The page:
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The impact of insulin therapy and attitudes towards insulin intensification among adults with type 2 diabetes: A qualitative study

Holmes-Truscott, Elizabeth, Browne, Jessica L. and Speight, Jane 2016, The impact of insulin therapy and attitudes towards insulin intensification among adults with type 2 diabetes: A qualitative study, Journal of diabetes and its complications, vol. 30, no. 6, pp. 1151-1157, doi: 10.1016/j.jdiacomp.2016.03.027.

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Title The impact of insulin therapy and attitudes towards insulin intensification among adults with type 2 diabetes: A qualitative study
Author(s) Holmes-Truscott, ElizabethORCID iD for Holmes-Truscott, Elizabeth orcid.org/0000-0001-9139-4663
Browne, Jessica L.ORCID iD for Browne, Jessica L. orcid.org/0000-0001-7294-8114
Speight, JaneORCID iD for Speight, Jane orcid.org/0000-0002-1204-6896
Journal name Journal of diabetes and its complications
Volume number 30
Issue number 6
Start page 1151
End page 1157
Total pages 7
Publisher Elsevier
Place of publication Atlanta, Ga.
Publication date 2016-08
ISSN 1873-460X
Keyword(s) insulin therapy
type 2 diabetes
psychological insulin resistance
treatment intensification
attitudes
Summary BACKGROUND: As type 2 diabetes (T2DM) is a progressive chronic condition, regular clinical review and treatment intensification are critical for prevention of long-term complications. Our aim was to explore the personal impact of insulin therapy, both positive and negative consequences, and attitudes towards future insulin intensification. METHODS: Twenty face-to-face interviews were conducted, and transcripts were analysed using thematic inductive analysis. Eligible participants were adults with T2DM, using insulin injections for <4years. Participants were mostly men (n=13, 65%), (median (range)) aged 65 (43-76) years, living with T2DM for 11.5 (2-27) years. RESULTS: Five themes emerged regarding the consequences (positive and negative) of insulin therapy, including: physical impact, personal control, emotional well-being, freedom/flexibility, (concerns about) others' reactions. Increased inconvenience and the perceived seriousness of using fast-acting insulin were both reported as barriers to future insulin intensification, despite most participants being receptive to the idea of administering additional injections. CONCLUSIONS: Positive and negative experiences of insulin therapy were reported by adults with T2DM and most were receptive to insulin intensification despite reported barriers. These findings may inform clinical interactions with people with T2DM and interventions to promote receptiveness to insulin initiation and intensification.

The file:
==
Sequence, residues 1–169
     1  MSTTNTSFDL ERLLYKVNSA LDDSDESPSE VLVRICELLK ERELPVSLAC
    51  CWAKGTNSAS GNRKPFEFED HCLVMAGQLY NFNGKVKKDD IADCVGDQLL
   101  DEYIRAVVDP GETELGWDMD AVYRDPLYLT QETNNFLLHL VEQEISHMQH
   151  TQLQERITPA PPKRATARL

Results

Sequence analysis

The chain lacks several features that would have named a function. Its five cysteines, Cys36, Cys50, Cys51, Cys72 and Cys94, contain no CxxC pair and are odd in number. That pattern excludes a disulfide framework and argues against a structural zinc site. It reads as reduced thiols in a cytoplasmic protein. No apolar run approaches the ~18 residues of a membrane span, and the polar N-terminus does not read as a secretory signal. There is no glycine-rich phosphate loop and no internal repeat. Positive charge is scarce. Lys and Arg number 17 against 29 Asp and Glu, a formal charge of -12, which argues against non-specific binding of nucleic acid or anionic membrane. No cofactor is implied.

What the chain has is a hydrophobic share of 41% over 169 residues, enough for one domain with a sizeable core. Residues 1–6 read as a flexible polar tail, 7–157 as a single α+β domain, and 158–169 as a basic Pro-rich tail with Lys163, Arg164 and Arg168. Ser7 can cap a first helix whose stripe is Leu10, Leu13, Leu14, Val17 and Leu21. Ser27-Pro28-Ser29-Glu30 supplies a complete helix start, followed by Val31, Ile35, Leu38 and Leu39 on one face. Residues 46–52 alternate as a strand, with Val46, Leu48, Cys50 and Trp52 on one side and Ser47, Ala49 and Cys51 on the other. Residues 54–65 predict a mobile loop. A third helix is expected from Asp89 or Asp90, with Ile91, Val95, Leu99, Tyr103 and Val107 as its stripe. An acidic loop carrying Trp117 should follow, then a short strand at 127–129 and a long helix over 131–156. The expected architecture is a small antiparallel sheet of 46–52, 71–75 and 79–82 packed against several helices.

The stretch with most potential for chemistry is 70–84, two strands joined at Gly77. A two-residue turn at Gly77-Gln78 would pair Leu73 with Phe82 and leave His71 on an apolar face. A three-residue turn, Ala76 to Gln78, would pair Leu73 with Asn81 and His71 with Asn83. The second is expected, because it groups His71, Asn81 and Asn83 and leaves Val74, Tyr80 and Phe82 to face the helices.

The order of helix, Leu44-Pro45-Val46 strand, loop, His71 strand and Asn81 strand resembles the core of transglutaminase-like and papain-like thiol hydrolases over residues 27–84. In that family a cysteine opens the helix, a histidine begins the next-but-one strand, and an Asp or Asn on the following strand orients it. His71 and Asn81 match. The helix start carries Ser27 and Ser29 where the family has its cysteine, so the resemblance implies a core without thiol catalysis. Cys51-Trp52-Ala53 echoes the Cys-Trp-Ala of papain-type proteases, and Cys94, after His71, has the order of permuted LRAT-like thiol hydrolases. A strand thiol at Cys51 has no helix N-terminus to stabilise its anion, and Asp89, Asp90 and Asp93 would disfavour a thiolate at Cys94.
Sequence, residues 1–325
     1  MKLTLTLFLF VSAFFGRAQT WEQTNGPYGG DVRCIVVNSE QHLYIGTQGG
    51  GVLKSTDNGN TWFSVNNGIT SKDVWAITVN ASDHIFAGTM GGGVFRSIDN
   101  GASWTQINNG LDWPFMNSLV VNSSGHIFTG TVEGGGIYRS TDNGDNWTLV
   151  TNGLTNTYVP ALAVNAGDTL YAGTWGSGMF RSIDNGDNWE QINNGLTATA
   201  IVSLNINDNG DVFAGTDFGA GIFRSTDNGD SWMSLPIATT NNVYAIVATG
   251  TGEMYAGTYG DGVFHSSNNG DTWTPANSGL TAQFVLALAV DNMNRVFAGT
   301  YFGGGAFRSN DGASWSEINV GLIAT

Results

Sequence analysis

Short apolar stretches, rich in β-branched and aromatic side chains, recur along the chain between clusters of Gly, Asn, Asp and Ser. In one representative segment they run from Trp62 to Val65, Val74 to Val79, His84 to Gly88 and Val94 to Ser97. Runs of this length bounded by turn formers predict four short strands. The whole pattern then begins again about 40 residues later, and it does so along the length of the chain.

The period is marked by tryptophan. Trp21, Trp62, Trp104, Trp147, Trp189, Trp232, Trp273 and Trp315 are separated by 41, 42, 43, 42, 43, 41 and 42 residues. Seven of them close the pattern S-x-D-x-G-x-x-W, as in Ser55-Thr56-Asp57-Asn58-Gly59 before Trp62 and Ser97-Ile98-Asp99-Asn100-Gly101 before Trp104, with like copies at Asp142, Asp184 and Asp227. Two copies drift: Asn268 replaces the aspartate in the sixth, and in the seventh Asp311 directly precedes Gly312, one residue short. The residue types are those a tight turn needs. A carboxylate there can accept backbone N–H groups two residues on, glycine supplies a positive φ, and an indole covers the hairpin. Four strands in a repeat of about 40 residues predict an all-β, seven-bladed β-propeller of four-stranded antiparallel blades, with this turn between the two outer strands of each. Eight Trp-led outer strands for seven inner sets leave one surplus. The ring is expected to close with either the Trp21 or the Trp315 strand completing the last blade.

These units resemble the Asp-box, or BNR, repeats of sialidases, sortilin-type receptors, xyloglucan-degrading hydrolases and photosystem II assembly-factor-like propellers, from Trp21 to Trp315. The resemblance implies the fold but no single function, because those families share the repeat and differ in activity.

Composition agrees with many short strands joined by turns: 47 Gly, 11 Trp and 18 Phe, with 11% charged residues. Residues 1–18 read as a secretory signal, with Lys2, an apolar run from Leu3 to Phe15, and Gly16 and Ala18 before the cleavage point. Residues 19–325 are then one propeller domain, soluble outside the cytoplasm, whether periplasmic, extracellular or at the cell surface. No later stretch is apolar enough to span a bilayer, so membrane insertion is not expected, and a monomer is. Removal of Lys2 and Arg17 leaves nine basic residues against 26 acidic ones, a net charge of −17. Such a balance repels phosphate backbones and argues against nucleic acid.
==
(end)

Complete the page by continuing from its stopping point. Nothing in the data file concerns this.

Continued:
Language eng
DOI 10.1016/j.jdiacomp.2016.03.027
Field of Research 170106 Health, Clinical and Counselling Psychology
1103 Clinical Sciences
Socio Economic Objective 920104 Diabetes
HERDC Research category C1 Refereed article in a scholarly journal
ERA Research output type C Journal article
Copyright notice ©2016, Elsevier
Persistent URL http://hdl.handle.net/10536/DRO/DU:30085342

Document type: Journal Article
Collections: Faculty of Health
School of Psychology
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Created: Thu, 18 Aug 2016, 13:30:07 EST

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